U.K. regulatory agency approves a system that would enable mobile phone use on airplanes
By Gregory MonePosted 04.01.2008 at 1:06 pm 1 Comment
European travelers may soon have a chance to chat away on their own phones while in flight. For the new system to work, planes would be outfitted with small mobile base stations known as pico cells. The cells would be switched off during take-off, and turned on once the planes reach a given altitude, which would be a minimum of 3,000 meters. Phone signals would be routed to the mobile base stations, which would in turn dispatch signals to ground-based networks through a satellite link.
Scientists uncover the secret to faster plane boarding—but it turns out nearly anything would be speedier than the current system
By Matt RansfordPosted 03.05.2008 at 1:37 pm 2 Comments
Everyone can guess the worst way to load passengers on to a plane is to do it front to back. People would have to wait at every row or squeeze awkwardly past. It would stand to reason, then, that the way airlines usually do it—back to front—would be the best way. But according to Fermilab physicist Jason Steffen, that's not the case. As it turns out, it's far from the best: it's the second worst.
Environmentalists and everyday air travelers alike are growing increasingly aware of the airline industry's greenhouse-gas problem. As demands for greener air travel grow, will technology come to the rescue of the jumbo jet?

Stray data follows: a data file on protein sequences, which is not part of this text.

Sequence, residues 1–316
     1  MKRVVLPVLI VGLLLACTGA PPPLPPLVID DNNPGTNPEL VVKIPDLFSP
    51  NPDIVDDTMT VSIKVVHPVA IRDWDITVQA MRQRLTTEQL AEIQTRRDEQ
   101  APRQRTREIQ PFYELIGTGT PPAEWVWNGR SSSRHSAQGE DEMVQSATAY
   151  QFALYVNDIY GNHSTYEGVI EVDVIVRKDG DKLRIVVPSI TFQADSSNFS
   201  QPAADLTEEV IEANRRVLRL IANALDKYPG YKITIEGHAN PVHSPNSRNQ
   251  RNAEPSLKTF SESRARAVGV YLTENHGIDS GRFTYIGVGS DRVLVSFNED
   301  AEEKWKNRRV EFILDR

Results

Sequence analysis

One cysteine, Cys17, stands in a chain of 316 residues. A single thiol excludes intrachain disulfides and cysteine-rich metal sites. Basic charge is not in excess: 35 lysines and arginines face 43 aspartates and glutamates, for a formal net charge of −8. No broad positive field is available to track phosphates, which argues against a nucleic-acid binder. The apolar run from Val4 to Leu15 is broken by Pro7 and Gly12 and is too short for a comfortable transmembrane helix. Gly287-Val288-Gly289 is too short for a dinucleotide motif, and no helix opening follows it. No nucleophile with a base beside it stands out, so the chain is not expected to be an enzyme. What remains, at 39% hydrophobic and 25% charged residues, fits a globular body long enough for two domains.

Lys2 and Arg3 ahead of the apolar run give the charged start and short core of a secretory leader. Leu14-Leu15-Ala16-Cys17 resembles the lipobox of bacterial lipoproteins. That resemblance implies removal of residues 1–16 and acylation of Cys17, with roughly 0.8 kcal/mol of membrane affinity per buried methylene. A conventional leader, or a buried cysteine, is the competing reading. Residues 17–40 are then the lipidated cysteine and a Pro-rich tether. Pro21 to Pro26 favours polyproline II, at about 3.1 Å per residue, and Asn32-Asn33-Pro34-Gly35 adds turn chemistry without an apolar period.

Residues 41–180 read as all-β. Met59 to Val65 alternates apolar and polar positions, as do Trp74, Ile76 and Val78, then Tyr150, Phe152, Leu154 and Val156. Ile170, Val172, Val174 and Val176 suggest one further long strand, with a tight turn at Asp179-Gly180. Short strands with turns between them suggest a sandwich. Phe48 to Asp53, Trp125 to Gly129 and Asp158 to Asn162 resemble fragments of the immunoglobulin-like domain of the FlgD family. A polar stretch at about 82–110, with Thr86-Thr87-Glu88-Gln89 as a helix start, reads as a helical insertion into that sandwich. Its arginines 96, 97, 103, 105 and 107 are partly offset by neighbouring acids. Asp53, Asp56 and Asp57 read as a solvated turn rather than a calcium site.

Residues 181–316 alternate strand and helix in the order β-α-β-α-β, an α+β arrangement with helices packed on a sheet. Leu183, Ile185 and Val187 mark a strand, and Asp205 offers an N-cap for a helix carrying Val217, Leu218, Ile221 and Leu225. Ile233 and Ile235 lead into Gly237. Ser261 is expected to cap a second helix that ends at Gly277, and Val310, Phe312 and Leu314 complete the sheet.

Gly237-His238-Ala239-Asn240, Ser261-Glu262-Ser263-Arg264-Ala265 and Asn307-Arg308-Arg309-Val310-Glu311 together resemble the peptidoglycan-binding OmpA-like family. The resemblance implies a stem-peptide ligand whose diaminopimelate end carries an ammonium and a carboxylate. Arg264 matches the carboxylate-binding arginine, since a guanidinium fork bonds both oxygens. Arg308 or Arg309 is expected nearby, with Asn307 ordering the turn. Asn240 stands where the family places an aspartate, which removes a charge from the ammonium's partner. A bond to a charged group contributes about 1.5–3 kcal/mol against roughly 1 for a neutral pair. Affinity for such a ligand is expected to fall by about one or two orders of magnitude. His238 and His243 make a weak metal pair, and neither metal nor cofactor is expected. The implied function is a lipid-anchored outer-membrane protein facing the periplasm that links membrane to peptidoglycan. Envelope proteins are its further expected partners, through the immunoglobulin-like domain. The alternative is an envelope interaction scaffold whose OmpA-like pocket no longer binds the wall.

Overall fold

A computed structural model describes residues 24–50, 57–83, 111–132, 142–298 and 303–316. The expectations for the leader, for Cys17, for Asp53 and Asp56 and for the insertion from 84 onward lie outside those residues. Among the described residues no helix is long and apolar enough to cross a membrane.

By Dennis GaffneyPosted 02.04.2008 at 5:13 pm 3 Comments
Last summer, more than 1,000 environmentalists in the U.K. staged a weeklong protest in a "Climate Camp" at Heathrow Airport, where about 70 people were arrested. Their immediate purpose was to block a planned expansion of Heathrow, but the protests highlighted a growing complaint in Europe—that the ride to global-warming catastrophe is being fueled not only by coal-fired power plants and SUVs, but also by the ever-rising number of commercial jets. Now governments are starting to listen.
Missile-jamming lasers and â€œrefuse to crashâ€ software are ready to fly on civilian aircraft
By Tom LeComptePosted 03.27.2006 at 2:00 am 0 Comments
Nearly five years after September 11, the airline industry is finally adopting new in-flight technologies to keep planes safe from terrorists. With $110 million in grant money from the U.S. Department of Homeland Security, the Federal Aviation Administration is currently in the process of certifying two antimissile systems designed for commercial airliners. The technology uses infrared sensors to detect and track incoming missiles, then fires a laser beam to jam a heat-seeking missile´s infrared guidance system.